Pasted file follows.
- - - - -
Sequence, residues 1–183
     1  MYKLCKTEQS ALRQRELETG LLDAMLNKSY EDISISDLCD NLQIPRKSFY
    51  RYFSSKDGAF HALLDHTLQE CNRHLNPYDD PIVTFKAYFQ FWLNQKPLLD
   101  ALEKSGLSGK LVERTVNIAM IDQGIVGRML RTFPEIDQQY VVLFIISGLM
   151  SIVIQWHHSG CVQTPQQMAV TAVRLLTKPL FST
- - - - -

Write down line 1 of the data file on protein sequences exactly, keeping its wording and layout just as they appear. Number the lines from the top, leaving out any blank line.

Sequence, residues 1–183